Opening the fridge in the kitchen, she got the Tupperware bowl of homemade potato salad out – Emmitt having given his blessings on how it tasted, Rose copying his aunt’s recipe exactly.  Rose had nailed it, winning the praise of her Cowboy Daddy.  Turning to walk out onto the back deck, she paused in her tracks – seeing Emmitt through the kitchen window above the sink.

The sight of him, standing there in his jeans and his white t-shirt, would have taken her out at the knees if she hadn’t quickly put the potato salad down and grabbed the edge on the kitchen counter with both hands.  Oh, he was so handsome.  How his butt looked in jeans was enough to make any girl flood.  And this was only what the sight of the back of him did to her.  Smiling, she picked up the potato salad and lowered her chin as she went for the screen door to the back deck.  She would stand there for a minute to allow her rapidly beating heart to slow a little – thusly, slowing the sudden rush of blood that had made her dizzy.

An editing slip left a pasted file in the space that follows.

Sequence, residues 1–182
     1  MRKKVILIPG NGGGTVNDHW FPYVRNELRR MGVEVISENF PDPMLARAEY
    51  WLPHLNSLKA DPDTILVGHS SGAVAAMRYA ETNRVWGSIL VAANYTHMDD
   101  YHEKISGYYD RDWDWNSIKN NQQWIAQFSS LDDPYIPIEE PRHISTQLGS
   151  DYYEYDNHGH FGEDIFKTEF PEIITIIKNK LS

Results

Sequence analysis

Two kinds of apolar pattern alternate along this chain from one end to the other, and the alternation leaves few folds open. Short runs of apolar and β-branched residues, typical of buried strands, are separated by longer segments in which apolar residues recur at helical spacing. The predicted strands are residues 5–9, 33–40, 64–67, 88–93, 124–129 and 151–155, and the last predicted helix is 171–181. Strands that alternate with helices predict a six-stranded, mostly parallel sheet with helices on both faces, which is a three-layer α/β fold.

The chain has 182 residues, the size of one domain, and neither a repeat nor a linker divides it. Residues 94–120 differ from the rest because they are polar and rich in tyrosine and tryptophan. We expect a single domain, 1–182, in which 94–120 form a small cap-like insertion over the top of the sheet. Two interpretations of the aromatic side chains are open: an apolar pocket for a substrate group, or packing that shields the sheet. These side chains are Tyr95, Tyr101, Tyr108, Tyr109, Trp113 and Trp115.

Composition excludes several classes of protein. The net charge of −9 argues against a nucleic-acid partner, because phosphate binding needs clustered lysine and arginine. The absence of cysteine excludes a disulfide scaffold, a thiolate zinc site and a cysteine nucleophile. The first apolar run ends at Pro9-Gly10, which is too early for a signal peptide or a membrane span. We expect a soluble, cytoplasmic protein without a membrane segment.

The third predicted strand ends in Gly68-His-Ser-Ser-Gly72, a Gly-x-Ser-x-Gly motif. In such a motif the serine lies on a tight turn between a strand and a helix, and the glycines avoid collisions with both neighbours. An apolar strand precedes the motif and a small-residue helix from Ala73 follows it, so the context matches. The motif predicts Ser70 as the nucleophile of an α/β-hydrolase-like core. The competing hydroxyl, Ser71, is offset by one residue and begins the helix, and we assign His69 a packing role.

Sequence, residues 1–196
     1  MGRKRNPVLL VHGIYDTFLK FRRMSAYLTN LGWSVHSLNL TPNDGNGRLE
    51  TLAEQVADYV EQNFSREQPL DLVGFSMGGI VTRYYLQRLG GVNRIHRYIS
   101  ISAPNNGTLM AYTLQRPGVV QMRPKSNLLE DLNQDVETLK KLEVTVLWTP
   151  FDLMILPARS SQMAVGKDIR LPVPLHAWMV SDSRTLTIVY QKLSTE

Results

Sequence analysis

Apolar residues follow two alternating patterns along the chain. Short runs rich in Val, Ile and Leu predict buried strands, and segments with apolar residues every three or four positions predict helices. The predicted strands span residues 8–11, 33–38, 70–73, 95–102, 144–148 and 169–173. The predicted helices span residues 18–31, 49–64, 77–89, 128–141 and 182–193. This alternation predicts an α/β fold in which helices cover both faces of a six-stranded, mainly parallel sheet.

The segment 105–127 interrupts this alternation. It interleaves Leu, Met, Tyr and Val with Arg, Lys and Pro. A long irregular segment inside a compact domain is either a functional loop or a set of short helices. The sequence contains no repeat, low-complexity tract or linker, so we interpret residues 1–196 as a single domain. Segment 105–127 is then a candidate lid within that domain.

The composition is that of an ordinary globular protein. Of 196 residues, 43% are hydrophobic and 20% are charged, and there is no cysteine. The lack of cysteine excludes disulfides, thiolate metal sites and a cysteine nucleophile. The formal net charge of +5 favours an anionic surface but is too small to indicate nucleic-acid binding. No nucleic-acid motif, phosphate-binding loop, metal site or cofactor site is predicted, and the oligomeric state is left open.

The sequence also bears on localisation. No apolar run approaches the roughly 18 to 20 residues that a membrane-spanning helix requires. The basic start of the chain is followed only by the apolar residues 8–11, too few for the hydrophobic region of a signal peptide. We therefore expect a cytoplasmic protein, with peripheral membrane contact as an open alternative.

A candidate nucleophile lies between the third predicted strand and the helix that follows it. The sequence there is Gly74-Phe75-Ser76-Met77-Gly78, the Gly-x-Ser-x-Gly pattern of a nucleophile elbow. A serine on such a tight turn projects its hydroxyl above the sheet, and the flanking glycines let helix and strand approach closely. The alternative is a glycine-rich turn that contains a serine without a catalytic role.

She knew that, no matter what went right or wrong in her world, everything would wind up okay … provided that the first sight of him always made her weak in the knees, every time.  It was The Daddy Effect and being a BabyGirl, she had no immunities in defense against it … nor did she ever want any such immunities.

If she ever fell to the ground because of such emotions, she knew that Emmitt, her Cowboy Daddy, would either pick her up and dust her off … or he would catch her on the way down.  And this truth made her feel more secure than anything else in her little world.

Taking the potato salad out to the back deck and setting it on the table with all the other food, she walked over to the far end of the deck and looked up the road.  They would certainly be arriving soon.

Little did she know just then, when she walked out onto the back deck, Emmitt caught immediate sight of her. Taking in her full image, he eyed her up-n-down – from her bare feet, up her legs, to that lower hem of her skirt, up the skirt to her bare belly, up to her chest and that crop top and then to the hair that was dangling down from her head … presently being kissed by a slight breeze that was passing by along with little beams of sunshine that were trickling down through the trees and illuminating her gorgeous locks.